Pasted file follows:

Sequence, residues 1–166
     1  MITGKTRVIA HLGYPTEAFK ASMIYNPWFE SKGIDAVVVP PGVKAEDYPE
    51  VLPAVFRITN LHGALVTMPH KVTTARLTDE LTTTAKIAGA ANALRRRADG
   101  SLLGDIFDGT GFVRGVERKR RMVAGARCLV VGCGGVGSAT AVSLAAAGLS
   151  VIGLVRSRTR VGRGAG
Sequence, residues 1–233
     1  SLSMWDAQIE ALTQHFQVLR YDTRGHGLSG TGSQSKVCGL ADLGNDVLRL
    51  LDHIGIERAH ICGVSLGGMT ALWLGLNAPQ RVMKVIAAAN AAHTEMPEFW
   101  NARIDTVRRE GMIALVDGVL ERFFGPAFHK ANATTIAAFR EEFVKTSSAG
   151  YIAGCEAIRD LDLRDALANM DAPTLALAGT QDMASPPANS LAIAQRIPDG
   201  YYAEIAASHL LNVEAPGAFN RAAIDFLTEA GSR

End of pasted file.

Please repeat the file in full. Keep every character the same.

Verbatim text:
Sequence, residues 1–166
     1  MITGKTRVIA HLGYPTEAFK ASMIYNPWFE SKGIDAVVVP PGVKAEDYPE
    51  VLPAVFRITN LHGALVTMPH KVTTARLTDE LTTTAKIAGA ANALRRRADG
   101  SLLGDIFDGT GFVRGVERKR RMVAGARCLV VGCGGVGSAT AVSLAAAGLS
   151  VIGLVRSRTR VGRGAG
Sequence, residues 1–233
     1  SLSMWDAQIE ALTQHFQVLR YDTRGHGLSG TGSQSKVCGL ADLGNDVLRL
    51  LDHIGIERAH ICGVSLGGMT ALWLGLNAPQ RVMKVIAAAN AAHTEMPEFW
   101  NARIDTVRRE GMIALVDGVL ERFFGPAFHK ANATTIAAFR EEFVKTSSAG
   151  YIAGCEAIRD LDLRDALANM DAPTLALAGT QDMASPPANS LAIAQRIPDG
   201  YYAEIAASHL LNVEAPGAFN RAAIDFLTEA GSR